• Elijah Douglass

    In this post and your previous post you note that you picked your ultrasound site based on parking. The parking spot cost your insurance company about $200. How can we expect to cut healthcare costs through improved consumer awareness when even knowledgeable consumers are OK with receiving more expensive procedures because it is slightly more convenient? Those who advocate for healthcare consumer awareness often leave consumer responsibility. As these articles inadvertently point out, being an informed consumer is only half the battle, we must also be responsible and act on the information that we must work so hard to obtain. Thoughts?

    • Blurvie

      When I saw that the parking space mattered more than knowledge of price, I wondered what good it did to know.  The important thing to discover here is why the prices are so different.

      • Don_B1

        In the comments by Blurvie and Elijah Douglass, and even more importantly, in the article, I saw NO assessment or attempt at assessment of the QUALITY of the ultrasound that each facility provides. Better quality of the ultrasound equipment, the ability of the staff to read and evaluate it for abnormalities, etc. can justify at least SOME of the cost differentials although almost certainly not ALL the differences.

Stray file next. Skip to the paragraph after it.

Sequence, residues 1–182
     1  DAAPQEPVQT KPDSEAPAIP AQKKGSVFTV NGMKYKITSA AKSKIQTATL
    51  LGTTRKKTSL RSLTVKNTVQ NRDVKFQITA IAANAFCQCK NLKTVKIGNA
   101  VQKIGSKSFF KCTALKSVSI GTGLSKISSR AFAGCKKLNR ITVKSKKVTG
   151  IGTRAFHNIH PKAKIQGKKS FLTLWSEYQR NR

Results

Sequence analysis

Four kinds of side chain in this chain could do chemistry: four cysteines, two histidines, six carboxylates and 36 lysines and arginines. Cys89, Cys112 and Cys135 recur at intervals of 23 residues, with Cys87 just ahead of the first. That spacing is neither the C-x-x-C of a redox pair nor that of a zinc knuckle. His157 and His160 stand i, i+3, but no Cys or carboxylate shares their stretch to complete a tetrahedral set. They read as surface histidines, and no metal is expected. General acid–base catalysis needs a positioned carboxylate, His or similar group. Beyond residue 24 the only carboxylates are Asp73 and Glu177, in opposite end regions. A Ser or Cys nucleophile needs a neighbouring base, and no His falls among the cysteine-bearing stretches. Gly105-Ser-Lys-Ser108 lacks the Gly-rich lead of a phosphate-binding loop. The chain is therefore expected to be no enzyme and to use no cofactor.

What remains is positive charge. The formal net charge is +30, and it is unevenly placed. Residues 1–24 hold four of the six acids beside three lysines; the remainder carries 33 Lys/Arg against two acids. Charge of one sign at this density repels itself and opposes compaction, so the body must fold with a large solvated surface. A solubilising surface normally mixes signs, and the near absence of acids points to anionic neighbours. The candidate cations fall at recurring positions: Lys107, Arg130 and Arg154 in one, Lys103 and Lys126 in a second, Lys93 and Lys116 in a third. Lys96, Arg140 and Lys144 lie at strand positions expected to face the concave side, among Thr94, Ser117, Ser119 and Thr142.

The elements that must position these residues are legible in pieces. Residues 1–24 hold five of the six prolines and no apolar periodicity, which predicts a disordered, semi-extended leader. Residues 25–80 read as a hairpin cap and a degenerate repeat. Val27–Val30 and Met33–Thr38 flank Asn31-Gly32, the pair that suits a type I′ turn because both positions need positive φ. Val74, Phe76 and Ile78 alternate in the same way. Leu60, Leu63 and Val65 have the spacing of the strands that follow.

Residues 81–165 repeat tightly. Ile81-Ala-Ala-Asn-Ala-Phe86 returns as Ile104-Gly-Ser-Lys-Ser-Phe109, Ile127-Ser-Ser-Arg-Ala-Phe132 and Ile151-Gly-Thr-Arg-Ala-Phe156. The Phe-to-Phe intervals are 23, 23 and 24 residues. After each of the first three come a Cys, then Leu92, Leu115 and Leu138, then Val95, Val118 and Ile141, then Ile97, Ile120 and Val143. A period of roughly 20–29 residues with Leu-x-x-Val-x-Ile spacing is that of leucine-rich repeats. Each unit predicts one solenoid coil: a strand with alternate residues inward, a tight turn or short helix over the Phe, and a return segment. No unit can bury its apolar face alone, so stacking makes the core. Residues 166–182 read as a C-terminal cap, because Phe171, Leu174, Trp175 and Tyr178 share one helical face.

Some of the differences come from the costs of being a teaching hospital versus a clinic and some come from some facilities having a low versus high utilization rate, which can be due to many different causes. Maybe the high cost at MGH results in fewer referrals and therefore lower utilization, or MGH normally uses a fancier machine for a more difficult problem, so running it costs more; or MGH simply needs to reevaluate its pricing or operating process.

        While reducing the costs of tests is significant, reducing the costs of how doctors practice and charge for their services is even more important.